Spontaneously Combustible Pig Farms Cause Scientists to Scratch Their Heads - The UpStream

Spontaneously Combustible Pig Farms Cause Scientists to Scratch Their Heads

posted Sunday Mar 18, 2012 by Nicholas DiMeo

Spontaneously Combustible Pig Farms Cause Scientists to Scratch Their Heads

This story is so strange that I'll just jump right into it. Pig farms are exploding. I put it in bold so you wouldn't have to have a double-take to make sure you read it right. In the Midwest, manure pits are filled with a new foam that is simply dynamite!

Since 2009, a total of six farms have actually blown up because of methane that is being held underneath a foam that sits on top of manure pits in these pig farms. 1 in 4 farms in the Midwest's affected area contain this foam. However, there is not one thing anybody can do, as scientists and farmers alike have no clue as to what this foam even is.

More on the insanity after the break.

Agricultural engineer Charles Clanton from the University of Minnesota has said,

This has all started in the last four or five years here. We don't have any idea where it came from or how it got started. Whatever has happened is new. I don't think anyone's very familiar with what microbes are present in a manure pit on a hog farm.

This brown foam manages to hold onto every single gas that is emitted by the bacteria that live in the manure pits. It is said that sometimes these are pits that are housed below farms that contain up to 4,000 animals. That's a lot of manure and bacteria.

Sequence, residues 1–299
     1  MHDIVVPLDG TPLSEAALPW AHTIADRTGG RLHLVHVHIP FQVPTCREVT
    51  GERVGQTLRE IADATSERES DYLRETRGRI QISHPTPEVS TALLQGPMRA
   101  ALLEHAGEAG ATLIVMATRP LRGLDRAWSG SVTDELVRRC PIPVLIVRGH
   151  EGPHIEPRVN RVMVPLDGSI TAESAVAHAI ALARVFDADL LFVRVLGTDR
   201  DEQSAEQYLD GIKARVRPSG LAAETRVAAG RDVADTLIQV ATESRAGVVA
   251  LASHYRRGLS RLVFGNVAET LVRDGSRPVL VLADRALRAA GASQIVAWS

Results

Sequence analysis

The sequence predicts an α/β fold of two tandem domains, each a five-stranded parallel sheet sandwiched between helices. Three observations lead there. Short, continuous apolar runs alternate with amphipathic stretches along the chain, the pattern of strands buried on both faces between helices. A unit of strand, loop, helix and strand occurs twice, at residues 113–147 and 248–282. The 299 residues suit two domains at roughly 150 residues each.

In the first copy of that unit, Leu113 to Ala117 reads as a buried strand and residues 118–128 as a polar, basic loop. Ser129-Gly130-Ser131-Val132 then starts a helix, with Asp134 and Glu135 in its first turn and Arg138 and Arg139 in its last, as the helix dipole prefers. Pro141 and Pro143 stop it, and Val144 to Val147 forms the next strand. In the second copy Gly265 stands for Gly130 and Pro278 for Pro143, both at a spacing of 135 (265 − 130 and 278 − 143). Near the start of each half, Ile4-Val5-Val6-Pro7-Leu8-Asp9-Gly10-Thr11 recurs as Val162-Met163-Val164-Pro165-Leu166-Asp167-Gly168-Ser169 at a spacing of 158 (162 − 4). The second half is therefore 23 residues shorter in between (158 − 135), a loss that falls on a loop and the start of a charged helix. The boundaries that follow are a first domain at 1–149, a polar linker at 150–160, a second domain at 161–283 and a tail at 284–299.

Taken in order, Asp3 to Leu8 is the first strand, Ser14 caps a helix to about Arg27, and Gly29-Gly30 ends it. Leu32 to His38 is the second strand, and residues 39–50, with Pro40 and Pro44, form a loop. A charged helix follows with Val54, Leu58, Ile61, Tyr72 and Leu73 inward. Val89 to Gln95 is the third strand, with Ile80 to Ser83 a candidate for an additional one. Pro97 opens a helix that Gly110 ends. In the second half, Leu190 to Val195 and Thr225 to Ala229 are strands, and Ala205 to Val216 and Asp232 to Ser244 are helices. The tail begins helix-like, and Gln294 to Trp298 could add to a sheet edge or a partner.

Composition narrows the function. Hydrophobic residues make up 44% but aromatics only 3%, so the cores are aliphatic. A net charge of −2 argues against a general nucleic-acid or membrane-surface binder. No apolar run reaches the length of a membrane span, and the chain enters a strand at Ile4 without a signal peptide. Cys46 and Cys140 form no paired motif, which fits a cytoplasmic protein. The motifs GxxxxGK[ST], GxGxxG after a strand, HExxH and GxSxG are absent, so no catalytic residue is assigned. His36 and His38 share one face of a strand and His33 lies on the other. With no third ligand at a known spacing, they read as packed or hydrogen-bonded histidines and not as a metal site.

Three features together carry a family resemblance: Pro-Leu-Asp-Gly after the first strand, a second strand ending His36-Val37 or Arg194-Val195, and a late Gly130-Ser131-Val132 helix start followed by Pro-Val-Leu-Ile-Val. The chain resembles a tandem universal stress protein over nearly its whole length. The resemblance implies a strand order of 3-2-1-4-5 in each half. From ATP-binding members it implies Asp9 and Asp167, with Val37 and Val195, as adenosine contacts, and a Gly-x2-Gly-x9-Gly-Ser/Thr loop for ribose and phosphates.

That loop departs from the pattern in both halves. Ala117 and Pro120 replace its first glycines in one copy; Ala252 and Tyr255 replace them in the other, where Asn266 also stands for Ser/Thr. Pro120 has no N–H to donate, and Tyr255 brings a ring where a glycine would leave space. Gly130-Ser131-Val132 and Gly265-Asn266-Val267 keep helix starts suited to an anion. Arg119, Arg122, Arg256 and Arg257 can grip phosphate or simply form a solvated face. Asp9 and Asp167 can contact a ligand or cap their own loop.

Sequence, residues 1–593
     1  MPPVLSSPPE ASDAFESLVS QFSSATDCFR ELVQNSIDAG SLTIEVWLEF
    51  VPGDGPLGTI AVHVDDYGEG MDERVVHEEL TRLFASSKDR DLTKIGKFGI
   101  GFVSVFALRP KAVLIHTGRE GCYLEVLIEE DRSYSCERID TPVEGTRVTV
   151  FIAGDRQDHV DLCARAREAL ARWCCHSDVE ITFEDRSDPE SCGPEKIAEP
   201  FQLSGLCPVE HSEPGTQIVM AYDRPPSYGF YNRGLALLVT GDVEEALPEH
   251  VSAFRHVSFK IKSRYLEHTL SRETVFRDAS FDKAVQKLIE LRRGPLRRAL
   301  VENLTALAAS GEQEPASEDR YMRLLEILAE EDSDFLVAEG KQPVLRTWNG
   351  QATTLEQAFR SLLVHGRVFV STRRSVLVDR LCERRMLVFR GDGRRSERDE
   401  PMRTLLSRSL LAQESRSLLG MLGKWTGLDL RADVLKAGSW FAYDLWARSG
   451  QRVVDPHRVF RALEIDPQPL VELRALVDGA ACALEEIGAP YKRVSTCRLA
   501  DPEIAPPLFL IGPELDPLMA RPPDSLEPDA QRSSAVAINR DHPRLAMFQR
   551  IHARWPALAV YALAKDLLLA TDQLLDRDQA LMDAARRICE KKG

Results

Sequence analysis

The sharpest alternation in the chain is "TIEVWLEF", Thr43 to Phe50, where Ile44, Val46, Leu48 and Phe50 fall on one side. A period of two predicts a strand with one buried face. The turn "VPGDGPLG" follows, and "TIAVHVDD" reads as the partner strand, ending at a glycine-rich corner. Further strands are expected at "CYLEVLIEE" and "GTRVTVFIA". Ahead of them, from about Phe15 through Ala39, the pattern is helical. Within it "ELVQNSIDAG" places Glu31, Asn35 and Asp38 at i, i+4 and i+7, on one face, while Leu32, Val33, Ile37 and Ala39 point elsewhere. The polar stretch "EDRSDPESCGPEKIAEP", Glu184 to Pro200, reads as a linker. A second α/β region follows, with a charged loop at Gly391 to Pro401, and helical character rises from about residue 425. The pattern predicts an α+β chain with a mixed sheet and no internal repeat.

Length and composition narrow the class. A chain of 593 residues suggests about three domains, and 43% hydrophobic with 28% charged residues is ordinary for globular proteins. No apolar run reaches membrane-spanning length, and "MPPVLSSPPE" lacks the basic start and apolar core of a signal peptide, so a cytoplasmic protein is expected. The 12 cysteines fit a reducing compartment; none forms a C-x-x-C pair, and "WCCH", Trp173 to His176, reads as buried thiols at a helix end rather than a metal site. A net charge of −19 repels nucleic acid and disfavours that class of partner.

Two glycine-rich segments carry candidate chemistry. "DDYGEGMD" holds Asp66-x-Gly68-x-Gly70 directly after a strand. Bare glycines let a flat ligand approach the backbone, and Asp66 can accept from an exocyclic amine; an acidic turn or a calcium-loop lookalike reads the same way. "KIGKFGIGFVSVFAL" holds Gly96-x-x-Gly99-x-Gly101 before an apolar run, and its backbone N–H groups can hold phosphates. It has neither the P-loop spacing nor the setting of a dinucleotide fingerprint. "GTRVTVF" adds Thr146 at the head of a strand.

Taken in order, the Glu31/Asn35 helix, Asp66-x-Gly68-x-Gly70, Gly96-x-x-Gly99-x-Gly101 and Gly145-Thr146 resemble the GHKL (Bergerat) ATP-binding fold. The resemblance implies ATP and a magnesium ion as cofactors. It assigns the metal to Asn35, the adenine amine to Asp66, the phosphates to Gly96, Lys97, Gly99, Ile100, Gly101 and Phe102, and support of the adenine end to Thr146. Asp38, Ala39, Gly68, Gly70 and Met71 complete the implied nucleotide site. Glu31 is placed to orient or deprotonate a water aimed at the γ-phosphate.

Each fall, the farmers empty these pits, foam and all, but it doesn't seem to stop the problem. Even though there are fans that will release the gas, the foam can sometimes get to be so intense that the methane levels inside the bubbles are anywhere between 60 to 70%, which is four times more than what has been defined as "dangerous" by the Occupational Safety & Health Administration (OSHA).

Methane by itself, while dangerous, needs something to make it combust, however, so what is happening here? Well, consider this scenario. You're a farmer who notices one day a metal grate near this pit needs to be repaired. You go over, wade through the muck, popping these foam bubbles as you go, and make your repair with your welding iron. A spark touches the pit and it's game over, like in the scenario that happened in September of 2011 that killed 1,500 hogs and caused injury to one worker.

While we know what the foam causes, we do not know what causes the foam, as this practice of manure collection has been around for a long time as it is. Researchers are saying it could be a mixture of several things like new, altered bacterial colonies that create foam as a byproduct, new food compounds for the pigs or even a different soap used to clean the pits. The weird thing about all of this is that there is no control at this point. Barns that have the same amount of pigs, same type of food and the same variables are coming up with different results, where one barn will have this foam and another barn won't have any. Scientists have so far ruled out the possibility of a new dangerous type microbe and are leaning towards more environmental changes that could be occurring.

So far, affected states include Minnesota and certain parts of Iowa, Illinois and Wisconsin. Outside of that region, the foam is nonexistent.

The University of Minnesota is currently conducting a new round of controlled tests to see if they can replicate the issue.

Photo courtesy of Charles Clanton.


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